Hunt down the change-makers and influencers in your industry and request an interview. Given the personality traits of such individuals, they’ll likely jump at the chance to gain more public exposure, and, in turn, give you some fantastic content for your blog (and a highly valuable new friend).

Turn products and services into stories

Content marketing is all about telling engaging stories, and if your past blogging efforts read like mundane, boring press releases, you simply won’t attract or capture the attention of a meaningful audience.

When deciding how to write content for a boring niche, turn the products or services that are on offer into engaging stories. Doormats do far more than keep your house clean and tidy – they represent the first welcome people get when stepping into your abode. How many people will cross that threshold and place their feet on the mat for the first time? What memorable events will that innocuous item be part of?

Another great way to tell stories with company blogs is to interview staff. There’s a story behind every team in the company, from those who design the doormats to the tireless distribution staff who ensure they reach their intended destination.

Stories are at every turn in your organisation – use your blog to tell them to the world.

Combine your blogs with podcasts

Earlier, we covered the benefits of using imagery alongside words when deciding how to write content for a boring niche. You can do the same with podcasts, which are rapidly becoming one of the most relied-upon forms of content for businesses big and small.

Podcasts are inherently interesting because they involve the thoughts of real people. Even a twenty minute podcast focused on a particular challenge your industry faces will be enough to get the right audience listening, and an accompanying blog that features a transcript of the recording will aid your SEO efforts considerably.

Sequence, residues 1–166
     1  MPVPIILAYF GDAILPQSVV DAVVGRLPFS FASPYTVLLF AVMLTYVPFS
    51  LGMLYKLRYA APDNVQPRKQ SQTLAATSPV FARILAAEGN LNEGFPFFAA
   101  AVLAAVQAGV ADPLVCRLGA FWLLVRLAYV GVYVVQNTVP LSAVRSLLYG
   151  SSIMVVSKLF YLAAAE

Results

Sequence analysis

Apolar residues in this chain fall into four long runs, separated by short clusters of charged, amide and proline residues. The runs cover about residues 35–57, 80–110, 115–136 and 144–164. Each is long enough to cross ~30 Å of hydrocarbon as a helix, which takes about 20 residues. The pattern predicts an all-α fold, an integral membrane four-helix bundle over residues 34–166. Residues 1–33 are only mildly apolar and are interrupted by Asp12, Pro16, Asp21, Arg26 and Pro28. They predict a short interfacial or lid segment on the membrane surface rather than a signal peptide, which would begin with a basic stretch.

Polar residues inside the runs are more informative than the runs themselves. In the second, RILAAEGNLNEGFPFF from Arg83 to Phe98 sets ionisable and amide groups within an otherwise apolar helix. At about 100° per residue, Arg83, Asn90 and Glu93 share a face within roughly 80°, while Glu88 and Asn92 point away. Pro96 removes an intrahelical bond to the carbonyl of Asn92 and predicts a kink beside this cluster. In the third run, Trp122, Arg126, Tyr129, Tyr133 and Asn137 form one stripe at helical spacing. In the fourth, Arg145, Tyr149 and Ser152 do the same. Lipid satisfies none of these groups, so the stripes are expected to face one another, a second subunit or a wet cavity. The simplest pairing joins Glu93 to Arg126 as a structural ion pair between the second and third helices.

Remember the interesting industry expert you made friends with earlier? Well, they’d be a perfect guest for a podcast, thus increasing the content’s chance of being found and digested by a much wider audience.

Eliminate all business waffle

Take a look back at your most recent blog posts. Are they stuffed to the brim with meaningless, undefined acronyms and phrases that mean nothing to anyone outside the four walls of your company? Business waffle is boring. It’ll turn visitors to your blog off quicker than poor web design or lack of smartphone compatibility. It’s absolutely no fun to read and doesn’t benefit anyone.

So, eliminate business waffle at all costs and focus instead on natural, conversational language that we can all relate to. Even if your industry seemingly runs on acronyms, that’s no reason to fill your content marketing strategy with them.

Use analogies to explain complex topics

The word ‘confusing’ is often mistaken for ‘boring’, and your industry might be a case in point. Wherever you can, use analogies to explain complex topics. It suddenly becomes a far more compelling topic.

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Complex isn’t boring – it just needs dumbing down for the rest of us!

Conclusion

For almost any website to rank well on Google organically, it needs great content (and links). That remains true whether you approach it from an SEO or content marketing perspective, because content and links remain the two most important ranking factors.

We hope we’ve demonstrated in this post that, no matter the industry within which you operate, there’s always something interesting to blog about. Dismissing something as ‘boring’ is lazy – get creative with our tips above!